On whether Rooiwal was a potential source behind the cholera outbreak, Brink said that before any test results came back, “people were saying that it is because of Rooiwal, that the water system is contaminated. And the tests were done on the Saturday, the cholera was confirmed on the Sunday. The Saturday tests, which came in on Monday, found it to be negative. We’re awaiting further test results.”

Routine water testing for E Coli, cholera and typhoid is done once a month on natural water sources by the city’s environmental health teams.

“Obviously, immediately when this thing broke, we said ‘okay, where are the routine tests? Health came back to us and said none of the routine tests that were done prior — and the last routine tests was 3 May — indicated that there was cholera in the water supply at the various points that they tested.”

Water testing

Mchunu said his department had been continuously carrying out water quality tests at the Temba plant and at water distribution points in Hammanskraal. “The latest tests indicate that the drinking water quality from the Temba water treatment works does not meet minimum drinking water quality. The water quality challenges are therefore, in central Hammanskraal, from water supplied by the city.”

Ferrial Adam, the executive manager of WaterCAN, an Organisation Undoing Tax Abuse (OUTA) project focused on water-related issues, has now written to the Gauteng department of water and sanitation, urgently asking for the results of the department’s tests conducted since January 2023 in Hammanskraal, and that of the Temba treatment works.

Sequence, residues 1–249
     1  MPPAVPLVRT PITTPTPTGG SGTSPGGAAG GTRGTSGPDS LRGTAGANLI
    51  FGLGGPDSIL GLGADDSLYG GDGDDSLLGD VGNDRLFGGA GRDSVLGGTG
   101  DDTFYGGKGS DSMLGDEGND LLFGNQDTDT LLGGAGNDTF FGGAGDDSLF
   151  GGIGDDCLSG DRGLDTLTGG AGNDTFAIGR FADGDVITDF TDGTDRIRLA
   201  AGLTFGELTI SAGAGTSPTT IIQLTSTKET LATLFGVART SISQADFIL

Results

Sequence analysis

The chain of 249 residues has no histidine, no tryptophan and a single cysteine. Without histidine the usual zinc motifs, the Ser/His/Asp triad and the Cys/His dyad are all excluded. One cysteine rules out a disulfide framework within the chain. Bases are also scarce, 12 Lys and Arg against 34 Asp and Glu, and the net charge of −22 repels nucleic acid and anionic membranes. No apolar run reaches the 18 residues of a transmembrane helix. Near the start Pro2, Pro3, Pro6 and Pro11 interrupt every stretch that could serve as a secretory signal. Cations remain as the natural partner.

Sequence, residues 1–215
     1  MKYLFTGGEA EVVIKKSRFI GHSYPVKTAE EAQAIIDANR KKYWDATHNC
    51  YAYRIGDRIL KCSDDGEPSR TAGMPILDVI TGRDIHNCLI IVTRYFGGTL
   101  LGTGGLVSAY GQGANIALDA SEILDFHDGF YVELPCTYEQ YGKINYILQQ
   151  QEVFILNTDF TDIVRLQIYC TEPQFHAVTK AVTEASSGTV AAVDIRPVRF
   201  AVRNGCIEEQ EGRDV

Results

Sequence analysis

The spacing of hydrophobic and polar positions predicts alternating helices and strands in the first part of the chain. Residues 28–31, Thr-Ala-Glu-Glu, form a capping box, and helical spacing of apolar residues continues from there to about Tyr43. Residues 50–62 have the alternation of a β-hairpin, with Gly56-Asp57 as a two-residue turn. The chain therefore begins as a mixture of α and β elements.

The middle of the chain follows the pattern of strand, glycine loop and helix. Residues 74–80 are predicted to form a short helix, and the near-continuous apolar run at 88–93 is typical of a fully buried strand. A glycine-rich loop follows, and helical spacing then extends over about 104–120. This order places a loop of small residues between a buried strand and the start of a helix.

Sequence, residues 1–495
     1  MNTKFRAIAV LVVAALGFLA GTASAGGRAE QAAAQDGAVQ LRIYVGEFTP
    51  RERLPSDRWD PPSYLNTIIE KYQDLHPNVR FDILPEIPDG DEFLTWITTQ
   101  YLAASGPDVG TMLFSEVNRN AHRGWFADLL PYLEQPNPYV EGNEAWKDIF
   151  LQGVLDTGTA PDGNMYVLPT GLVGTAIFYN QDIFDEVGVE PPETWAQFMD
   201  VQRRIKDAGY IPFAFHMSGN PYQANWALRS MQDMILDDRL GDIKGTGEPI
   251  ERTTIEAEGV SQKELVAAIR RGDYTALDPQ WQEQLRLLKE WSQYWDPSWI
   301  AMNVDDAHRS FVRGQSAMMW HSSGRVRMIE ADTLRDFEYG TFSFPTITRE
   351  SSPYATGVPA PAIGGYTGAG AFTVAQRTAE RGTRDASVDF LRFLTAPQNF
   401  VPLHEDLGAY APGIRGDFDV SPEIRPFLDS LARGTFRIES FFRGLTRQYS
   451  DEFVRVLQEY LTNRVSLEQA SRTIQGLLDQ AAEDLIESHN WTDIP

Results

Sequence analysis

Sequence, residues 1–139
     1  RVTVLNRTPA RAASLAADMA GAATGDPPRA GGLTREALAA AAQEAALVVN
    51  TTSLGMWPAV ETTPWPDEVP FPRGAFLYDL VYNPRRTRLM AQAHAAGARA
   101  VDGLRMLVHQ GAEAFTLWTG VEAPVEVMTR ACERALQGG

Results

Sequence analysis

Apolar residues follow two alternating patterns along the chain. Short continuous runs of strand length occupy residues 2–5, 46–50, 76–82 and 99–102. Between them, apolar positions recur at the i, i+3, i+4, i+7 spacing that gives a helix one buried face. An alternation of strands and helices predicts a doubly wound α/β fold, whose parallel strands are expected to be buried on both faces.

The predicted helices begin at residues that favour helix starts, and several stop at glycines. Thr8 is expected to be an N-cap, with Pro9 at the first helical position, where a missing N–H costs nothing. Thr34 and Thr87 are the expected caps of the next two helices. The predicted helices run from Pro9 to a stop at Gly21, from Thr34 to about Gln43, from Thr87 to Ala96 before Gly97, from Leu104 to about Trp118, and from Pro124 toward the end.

She requested the results of the city’s tests since January in Hammanskraal for water supplied by water tankers and the Temba plant. 

She referred to the city’s media statement issued on Monday, in which it said it had tested for E coli and faecal coliforms and there was “none, therefore there was no cholera. I thought that is a stupid conclusion because, yes, cholera is associated with sewage pollution, but it isn’t if there’s E coli, then there’s cholera, or if there’s no E coli, then there’s no cholera. I felt that they needed to do the proper cholera tests, which I think they have done”. 

The city had to do monthly testing and weekly microbiological tests. “I’d like to see what tests they’ve been conducting and there’s a discrepancy between the minister’s comments and the city’s comments. Who’s lying? Maybe nobody is lying, maybe at the time of testing this happened, but let’s speak to each other. You’re completely confusing the public and growing the mistrust that exists around tap water.”

WaterCAN had commissioned its own water testing and would try to test water tankers and two taps in Hammanskraal. “Cholera does spread pretty fast, there’s a lot of people saying it’s not the water. That is a plausible argument but I’m not convinced by it because I don’t think the government reacted fast enough to let us know to find the source. 

“Some people are saying there’s no point in finding the source, I understand and accept that, but that doesn’t mean I can say it was not the water. It could have been a tap, a tanker, bucket water from the river, it could be food, it could be that someone came in and is going to be transmitting it,” she said.

“It could be all of that. There is a problem in that area with the wastewater treatment works, we know that the sewage is flowing there, we know that the water is not potable …. We don’t know how the cholera came, but it has the potential [to do so].”